It’s just after 10.30pm when Marillion play “Sugar Mice”, it should have been the second encore but it isn’t (“we usually go off and arse about for a bit, what’s the point?” enquires Steve Hogarth, the bands singer and focal point) and about halfway through guitarist Steve Rotheray finds his way to the centre of the stage and the spotlight for the first time tonight. He plays that solo and for about the 15th time in this two hours the whole world makes sense. About ten minutes later you find your way into the North Staffs night. There’s wind whipping over and its starting to rain. You’re just considering renaming the website you write as Maximum Volume Marillion and declaring you think all other music is pointless, as the chill lifts you out of your reverie, you think, I’ve got to explain this in a bit. Words haven’t been invented for this.
So let’s procrastinate and talk about Alan Reed. He’s just quit his job as a producer at the BBC, but he’s best known in this room as being the singer in Pallas until 2010. Here, with his acoustics and a few songs from his career, work like “For The Greater Glory” is clearly excellent despite the stripped down nature of this tonight. His first band Abel Ganz (“we thought we were Glasgow’s answer to Genesis”, he smiles) is represented in “Kean On The Job” and the 12 string guitar on Pallas’ “Sanctuary” is obviously that of a musician of skill. He’s moved back to Scotland now, and as such, there is a real passion to “Begin Again” a song he wrote while living in London about a longing for his homeland. As he reveals that there’s a Pallas reunion on the cards, you can probably expect to see a lot more of Alan Reed in the next few months. His presence is welcome too, given his absence from the scene has been keenly felt.
Which brings us to this here Marillion quandary. They were stunning. This was probably gig of the year. Yet the predicament is that I’ve got to tell you why, without resorting to the cliché “you had to be there…..”
It’s like this. Earlier this year the band released “An Hour Before It’s Dark”. If there’s been a better album in 2022, I haven’t heard it. And they’re playing it in full. In order. And you lose yourself in it for an hour and a bit.
The first two alone would be good enough to call this a special show. “Be Hard On Yourself” and “Reprogramme The Gene”. Concerning themselves with the twin evils of Coronavirus and the climate crisis, its noticeable how they, and the rest – in particular “Murder Machines” and “The Crow And The Nightingale” – come alive here, almost taking on a life of their own. A big part of that is Hogarth, a brilliant frontman, he possesses a wonderful voice, but its more. He has a theatrical presence. He acts the songs as much as he sings them.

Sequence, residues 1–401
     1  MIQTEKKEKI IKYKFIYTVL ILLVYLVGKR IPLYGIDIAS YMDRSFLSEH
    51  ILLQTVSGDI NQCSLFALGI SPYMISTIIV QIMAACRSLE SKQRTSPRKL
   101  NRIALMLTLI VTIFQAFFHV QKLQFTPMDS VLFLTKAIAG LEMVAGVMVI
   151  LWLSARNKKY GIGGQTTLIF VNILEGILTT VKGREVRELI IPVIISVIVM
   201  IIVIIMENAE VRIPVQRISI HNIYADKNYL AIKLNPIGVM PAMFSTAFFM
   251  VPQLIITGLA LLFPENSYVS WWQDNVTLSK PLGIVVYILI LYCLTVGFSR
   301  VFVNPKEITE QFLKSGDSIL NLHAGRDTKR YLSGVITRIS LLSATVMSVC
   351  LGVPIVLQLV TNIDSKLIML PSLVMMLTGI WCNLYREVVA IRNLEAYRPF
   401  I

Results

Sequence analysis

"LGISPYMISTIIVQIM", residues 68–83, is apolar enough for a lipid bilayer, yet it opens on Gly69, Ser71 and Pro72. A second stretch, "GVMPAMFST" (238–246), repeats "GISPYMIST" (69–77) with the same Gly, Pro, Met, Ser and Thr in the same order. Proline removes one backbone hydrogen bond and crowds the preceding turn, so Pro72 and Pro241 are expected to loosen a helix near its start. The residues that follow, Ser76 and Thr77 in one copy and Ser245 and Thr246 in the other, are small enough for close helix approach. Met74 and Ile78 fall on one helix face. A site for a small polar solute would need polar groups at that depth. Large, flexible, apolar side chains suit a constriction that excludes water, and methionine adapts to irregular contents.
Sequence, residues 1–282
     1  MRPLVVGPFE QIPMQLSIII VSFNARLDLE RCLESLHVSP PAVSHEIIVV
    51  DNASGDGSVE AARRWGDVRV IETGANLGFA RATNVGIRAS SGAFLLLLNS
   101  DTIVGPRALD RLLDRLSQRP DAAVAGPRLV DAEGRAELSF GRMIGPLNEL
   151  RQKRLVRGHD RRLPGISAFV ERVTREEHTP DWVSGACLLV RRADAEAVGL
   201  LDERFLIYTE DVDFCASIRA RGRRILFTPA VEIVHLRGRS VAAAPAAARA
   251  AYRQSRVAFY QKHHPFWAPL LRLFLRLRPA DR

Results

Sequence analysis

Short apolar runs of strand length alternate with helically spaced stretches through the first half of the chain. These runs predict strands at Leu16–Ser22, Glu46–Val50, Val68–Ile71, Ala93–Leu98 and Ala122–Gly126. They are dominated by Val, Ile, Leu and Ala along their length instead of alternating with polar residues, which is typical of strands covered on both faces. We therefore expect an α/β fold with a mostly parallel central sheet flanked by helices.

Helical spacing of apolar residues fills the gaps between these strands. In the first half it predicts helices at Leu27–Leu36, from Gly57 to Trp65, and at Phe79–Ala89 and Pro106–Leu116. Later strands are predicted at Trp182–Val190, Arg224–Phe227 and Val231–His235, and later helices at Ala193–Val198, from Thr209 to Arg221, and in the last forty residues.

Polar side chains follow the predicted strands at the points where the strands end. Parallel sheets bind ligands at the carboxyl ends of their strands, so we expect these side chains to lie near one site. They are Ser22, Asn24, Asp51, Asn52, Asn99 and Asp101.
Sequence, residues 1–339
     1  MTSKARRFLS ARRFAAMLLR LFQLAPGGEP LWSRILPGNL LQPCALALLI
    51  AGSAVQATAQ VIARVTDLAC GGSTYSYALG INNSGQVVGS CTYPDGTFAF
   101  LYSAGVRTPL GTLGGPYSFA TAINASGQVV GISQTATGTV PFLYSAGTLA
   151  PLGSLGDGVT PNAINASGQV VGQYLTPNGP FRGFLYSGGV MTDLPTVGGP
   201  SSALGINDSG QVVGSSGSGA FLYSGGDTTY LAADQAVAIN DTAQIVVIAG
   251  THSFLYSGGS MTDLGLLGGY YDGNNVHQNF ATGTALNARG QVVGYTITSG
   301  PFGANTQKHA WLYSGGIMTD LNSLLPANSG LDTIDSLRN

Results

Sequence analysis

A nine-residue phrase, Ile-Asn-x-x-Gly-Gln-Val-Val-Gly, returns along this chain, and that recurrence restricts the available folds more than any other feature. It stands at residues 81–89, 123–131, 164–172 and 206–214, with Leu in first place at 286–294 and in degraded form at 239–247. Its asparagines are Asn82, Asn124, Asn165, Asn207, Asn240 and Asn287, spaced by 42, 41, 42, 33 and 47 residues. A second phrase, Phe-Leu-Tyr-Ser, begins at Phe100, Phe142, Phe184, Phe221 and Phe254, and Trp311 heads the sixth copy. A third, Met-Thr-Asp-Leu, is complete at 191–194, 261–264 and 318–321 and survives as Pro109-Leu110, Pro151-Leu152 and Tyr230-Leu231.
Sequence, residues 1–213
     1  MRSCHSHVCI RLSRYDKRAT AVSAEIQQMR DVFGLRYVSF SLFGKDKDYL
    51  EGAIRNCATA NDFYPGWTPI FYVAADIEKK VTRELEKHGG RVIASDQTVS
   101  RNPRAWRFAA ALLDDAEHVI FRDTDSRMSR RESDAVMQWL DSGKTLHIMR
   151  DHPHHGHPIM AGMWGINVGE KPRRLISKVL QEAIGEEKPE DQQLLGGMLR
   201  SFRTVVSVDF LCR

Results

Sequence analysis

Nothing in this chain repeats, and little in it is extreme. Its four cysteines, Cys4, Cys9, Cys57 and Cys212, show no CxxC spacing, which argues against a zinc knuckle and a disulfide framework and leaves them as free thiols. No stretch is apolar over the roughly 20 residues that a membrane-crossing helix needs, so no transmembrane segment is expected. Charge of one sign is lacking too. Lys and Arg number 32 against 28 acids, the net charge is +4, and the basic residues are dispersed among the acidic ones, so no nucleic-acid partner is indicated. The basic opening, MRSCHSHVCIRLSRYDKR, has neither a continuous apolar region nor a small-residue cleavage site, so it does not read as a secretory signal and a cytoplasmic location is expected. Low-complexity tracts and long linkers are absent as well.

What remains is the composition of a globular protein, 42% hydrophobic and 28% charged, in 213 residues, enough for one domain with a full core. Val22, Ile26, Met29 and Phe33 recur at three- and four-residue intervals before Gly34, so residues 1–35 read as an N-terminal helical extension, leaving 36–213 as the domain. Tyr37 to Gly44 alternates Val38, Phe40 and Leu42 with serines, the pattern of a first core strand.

The band too, are on top of their game. But their genius is in the fact they aren’t perfect. Rotheray’s guitar wasn’t fully working for a lot of “…Yourself” and keyboardist Mark Kelly’s rig fails in “Sierra Leone”. Hogarth makes a joke of both, and everyone in the audience is in on it. Somehow the fact they have a degree of fallibility in a world of the cold and clinical makes it even better.
After questioning what the fact that NHS workers have to go to foodbanks says about society, they deliver “Care” and there’s a standing ovation. Frankly, that would have been enough, but they are here to “busk” for a bit as Hogarth puts it. Some of what they do in the next section is jaw-droppingly good. “Somewhere Else”, “Afraid Of Sunlight” and a slow building “The Great Escape” just three of them, but special mention here for the sixth member tonight, Percussionist Lewis Jardine, he’d played on the album and he’s been drafted in here to do it live. He does, and his “bongos and hitting things” adds to the sound in a way you wouldn’t imagine.
For the encore, it’s the whole of “The New Kings”, by turns apocalyptic and yet prescient for the political landscape today. When the line about “trickle down” is spat out with a palpable bile, you can’t help but think of last week’s budget. You’re supposed to, I’d wager. Whatever, that one actually be the highlight, and there was plenty of competition.
Which brings us back to where we started and “Sugar Mice”. Think about it for just a minute. It is a classic song (in any sense of the word) but it is from a lifetime ago and from a very different band. Yet all but one of the men who are in the regular band here, were in the band then too. It is truly remarkable how they constantly reinvent themselves over a 40 year career, yet still take people with them and still sound like Marillion.
It helps, I suppose, when you can do something magical on a Sunday night, in Staffordshire, in the rain (to paraphrase a line you might know). There are two sorts of live shows: ones Marillion play and ones that aren’t as good. It’s just taken almost 900 words to reach the pay-off line.